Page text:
I had the truth of Professor Wolin’s (and Upton Sinclair’s) observation brought home to me back in the 1980s and early 1990s when I worked for the Hughes Aircraft Company in arch-conservative Orange County, California. I once asked a conservative friend and colleague how he could criticize government spending since government spending on the radars and communications equipment that we made paid our salaries. He looked me straight in the eye and said, almost heatedly: “No! Only social programs are ‘government spending.'” You really can’t have a discussion with someone who simply assumes away any meaning of any word that they do not want to consider.

    Back in the Nixon-Kissinger Fig Leaf Contingent (Southeast Asia detachment) many of us unimpressed enlisted participants would say: “We lost the day we started and we win the day we stop.” Naturally, what we meant by “stopping” and “winning” had little, if any, connection to what the professional career lifers meant when they said: “Don’t knock the war, it’s the only one we’ve got.” From everything I can see here in 2018, the pimped out Imperial Streetwalkers (busy patrolling those heroin-producing poppy fields for boy-buggering Afghan warlords) have won the day with their view of whatever they mean by whatever they say. Seldom do I ever hear of the general semanticists demanding: “What do you mean?” and “How do you know?”

    I keep having this vision of an American politician/general training a parrot to squawk something that sounds like, “Polly want a cracker” by giving the bird a cracker as a reward for each successful performance. In my vision, though, when the politician/general gets lazy and gives the bird a peanut or sesame seed as the behavior reinforcement, the pissed off parrot spits out the offered food and screams at him:

    “Damn it all! I said I wanted a cracker!”

    I thought of my recurrent vision again the other day when I read about an American four-star Marine Corps general telling an audience in Afghanistan that “We are the Mujahedeen.” No joke. He actually said that.

    “Polly want a cracker?”


    1. Thanks, Mike. I hadn’t seen the Mujahideen comment. Here’s a link for readers: http://www.talkmedianews.com/pentagon-news-as-it-break-from-the-pentagon/2018/05/03/were-the-mujahideen-marine-commandant-proclaims/

      This is more evidence of U.S. military self-delusion. Sure, a Marine general might see his troops as fighting for freedom. But it doesn’t matter how he sees them; what matters is how the Afghan people see them. And they definitely don’t see U.S. troops as Muslim freedom fighters. They just see them as yet another alien, foreign, occupying force, much like the British of the 19th century or the Soviets of the 20th.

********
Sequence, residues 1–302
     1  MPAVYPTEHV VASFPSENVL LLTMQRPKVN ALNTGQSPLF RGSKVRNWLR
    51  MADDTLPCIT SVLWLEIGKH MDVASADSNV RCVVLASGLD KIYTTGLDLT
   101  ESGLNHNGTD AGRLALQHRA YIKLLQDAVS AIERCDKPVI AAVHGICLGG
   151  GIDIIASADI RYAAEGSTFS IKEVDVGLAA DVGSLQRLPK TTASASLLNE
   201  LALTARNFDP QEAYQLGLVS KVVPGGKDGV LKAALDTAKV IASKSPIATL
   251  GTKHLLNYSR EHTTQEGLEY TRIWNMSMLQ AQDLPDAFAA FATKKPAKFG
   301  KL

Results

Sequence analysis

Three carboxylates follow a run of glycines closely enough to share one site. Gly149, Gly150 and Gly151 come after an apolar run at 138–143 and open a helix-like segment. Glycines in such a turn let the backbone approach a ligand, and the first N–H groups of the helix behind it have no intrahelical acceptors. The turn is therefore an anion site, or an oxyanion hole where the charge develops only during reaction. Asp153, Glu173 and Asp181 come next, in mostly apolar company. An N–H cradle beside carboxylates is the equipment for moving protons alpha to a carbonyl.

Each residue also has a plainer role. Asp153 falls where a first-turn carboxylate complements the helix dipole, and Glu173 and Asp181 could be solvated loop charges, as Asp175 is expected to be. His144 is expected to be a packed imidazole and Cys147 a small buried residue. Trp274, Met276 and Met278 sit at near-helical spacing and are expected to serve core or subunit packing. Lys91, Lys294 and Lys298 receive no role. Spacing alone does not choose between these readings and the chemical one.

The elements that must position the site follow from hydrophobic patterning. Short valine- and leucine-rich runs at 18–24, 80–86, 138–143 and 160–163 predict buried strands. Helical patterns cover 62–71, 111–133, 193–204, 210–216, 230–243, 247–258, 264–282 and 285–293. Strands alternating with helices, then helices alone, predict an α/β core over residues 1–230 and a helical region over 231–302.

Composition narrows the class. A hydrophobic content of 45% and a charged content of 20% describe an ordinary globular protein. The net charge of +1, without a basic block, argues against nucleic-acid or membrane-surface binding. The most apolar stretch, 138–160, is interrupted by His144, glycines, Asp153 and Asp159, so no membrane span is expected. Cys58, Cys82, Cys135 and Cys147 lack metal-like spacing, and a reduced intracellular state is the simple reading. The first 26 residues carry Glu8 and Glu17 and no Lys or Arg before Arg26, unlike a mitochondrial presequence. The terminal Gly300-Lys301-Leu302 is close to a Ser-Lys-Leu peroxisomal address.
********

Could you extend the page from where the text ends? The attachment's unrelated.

As you would say, Mike, with respect to a U.S. military commitment to Afghanistan, “time’s up.” Indeed, the time was up in 2002.


    2. MM — re: “No! Only social programs are ‘government spending.’”
      What the warmongers have done, 1984 style, is to turn English upside-down and inside-out. Tax money, they say, should be used for essential national defense and not siphoned off into “entitlements” for freeloaders who are a liability to the country and a waste of money.

      That’s a complete reversal of the actual situation.
      entitlement — the belief that one is inherently deserving of privileges or special treatment.
      The simple facts are that Social Security and Medicare provide essential social and medical services and are self-funded. But the freeloading Pentagon & friends get special treatment. They provide no essential services and are entirely funded out of the general fund, thus robbing citizens of essential services in education, transportation and — big problem — health care for the masses. It’s the members of the military-industrial-congressional complex who are the thieves depending upon entitlements to promote global death and destruction.

      ……extracted quotes from:
      Status of the Social Security and Medicare Programs
      Social Security and Medicare Boards of Trustees

      Social Security
      The Trustees project that the combined fund asset reserves at the beginning of each year will exceed that year’s projected cost through 2029.

      The Medicare program has two separate trust funds, the Hospital Insurance (HI) Trust Fund and the Supplementary Medical Insurance (SMI) Trust Fund. The Trustees project that the HI Trust Fund will be depleted in 2029, one year later than projected in last year’s report. At that time dedicated revenues will be sufficient to pay 88 percent of HI costs. For SMI, the Trustees project that both Part B and Part D will remain adequately financed into the indefinite future.


  5. True that.

    I think one of the best pieces of evidence that the Pentagon is, at heart, just a self-protecting bureaucracy, is the custom of giving each of the three major services 1/3 of the Pentagon budget (and rolling the Marine budget up with the Navy).